This is a side entry tent, which can be a love it or hate it feature. This allows for a wider door and more convenient coming and going. However, some find the design less efficient and effective.
This tent also has adjustable stake loops so that you can change the tension on your tent after set up. Because after all, re-staking sucks.
The Hubba NX 1 is not sold with a footprint. So if you want it, make sure you buy that as well.
Minimum Trail Weight: 2 lbs. 7 oz.
Floor Space: 18 sq. ft.
Peak Height: 3 ft.
Features: Single person, three season, one door, one pole, freestanding, 9 square foot vestibule, 15D, 20D, and 30D nylons for strength and breathability.
Best For: Solo backpacking
The Stormbreak 1 is the perfect lightweight and affordable option for the average adventurer. It weighs in right at 3lbs. and is easy to pack, assemble, and take down.
The North Face has been making quality gear for harsh climates for a long time. They know what it takes to make a durable and intelligent design.
This one man tent uses the tried and true, X-pole design for easy set up and take down. North Face chose this design to create a sturdy, freestanding tent. That means faster, easier setup and more options when you’re picking a campsite.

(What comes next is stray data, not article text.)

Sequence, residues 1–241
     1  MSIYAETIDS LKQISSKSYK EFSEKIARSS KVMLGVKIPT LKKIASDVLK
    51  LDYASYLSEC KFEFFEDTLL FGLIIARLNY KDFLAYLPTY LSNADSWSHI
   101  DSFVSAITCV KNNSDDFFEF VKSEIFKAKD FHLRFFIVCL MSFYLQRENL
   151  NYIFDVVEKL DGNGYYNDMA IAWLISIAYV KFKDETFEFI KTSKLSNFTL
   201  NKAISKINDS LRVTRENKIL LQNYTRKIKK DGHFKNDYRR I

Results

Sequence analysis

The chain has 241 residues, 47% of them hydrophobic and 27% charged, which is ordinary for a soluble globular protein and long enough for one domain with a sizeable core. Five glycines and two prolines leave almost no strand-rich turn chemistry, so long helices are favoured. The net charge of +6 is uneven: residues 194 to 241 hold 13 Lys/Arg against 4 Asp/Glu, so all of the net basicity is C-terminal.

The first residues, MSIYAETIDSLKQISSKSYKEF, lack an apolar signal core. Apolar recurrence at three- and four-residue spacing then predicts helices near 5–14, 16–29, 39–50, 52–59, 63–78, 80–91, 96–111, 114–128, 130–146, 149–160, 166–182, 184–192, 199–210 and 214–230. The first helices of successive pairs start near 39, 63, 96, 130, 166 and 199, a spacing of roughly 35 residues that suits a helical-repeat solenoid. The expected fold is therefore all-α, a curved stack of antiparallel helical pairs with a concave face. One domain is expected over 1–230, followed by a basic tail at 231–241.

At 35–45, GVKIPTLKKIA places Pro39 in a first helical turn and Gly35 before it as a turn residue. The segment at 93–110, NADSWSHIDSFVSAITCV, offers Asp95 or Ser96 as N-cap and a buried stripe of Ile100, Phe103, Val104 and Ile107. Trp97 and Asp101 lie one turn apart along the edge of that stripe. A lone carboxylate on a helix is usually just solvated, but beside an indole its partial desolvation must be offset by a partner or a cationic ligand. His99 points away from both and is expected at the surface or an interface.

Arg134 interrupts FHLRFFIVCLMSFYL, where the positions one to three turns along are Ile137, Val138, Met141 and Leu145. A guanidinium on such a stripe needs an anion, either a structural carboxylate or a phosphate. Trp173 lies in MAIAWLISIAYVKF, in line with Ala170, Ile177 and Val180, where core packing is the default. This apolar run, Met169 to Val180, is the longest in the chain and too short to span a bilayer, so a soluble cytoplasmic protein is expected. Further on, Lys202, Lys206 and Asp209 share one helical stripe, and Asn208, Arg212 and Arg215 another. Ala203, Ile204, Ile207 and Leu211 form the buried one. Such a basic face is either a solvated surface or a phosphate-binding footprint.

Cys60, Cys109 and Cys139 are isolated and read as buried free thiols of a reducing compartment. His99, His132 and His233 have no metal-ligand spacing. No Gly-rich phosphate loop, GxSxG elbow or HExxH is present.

Although the specs for the tent say there are two vestibules, it is important to note that the back one is very small. The front vestibule has more than enough room for your boots and pack. However, the back vestibule probably wouldn’t.
The Stormbreak 1 stands out not only because it is functional, but it’s also affordable. Although it’s one of the cheapest one man tents, The Stormbreak 1 sacrifices nothing in quality.
Good materials, craftsmanship, and design are what have always set The North Face apart. The Stormbreak 1 is an excellent example of this ethic.
Minimum Trail Weight: 3 lbs. 1.4 oz.
Floor Space: 18.31 sq. ft.
Peak Height: 34 in.
Features: Single door, side entry, one person, three season, two vestibules, two poles, easy pitch design.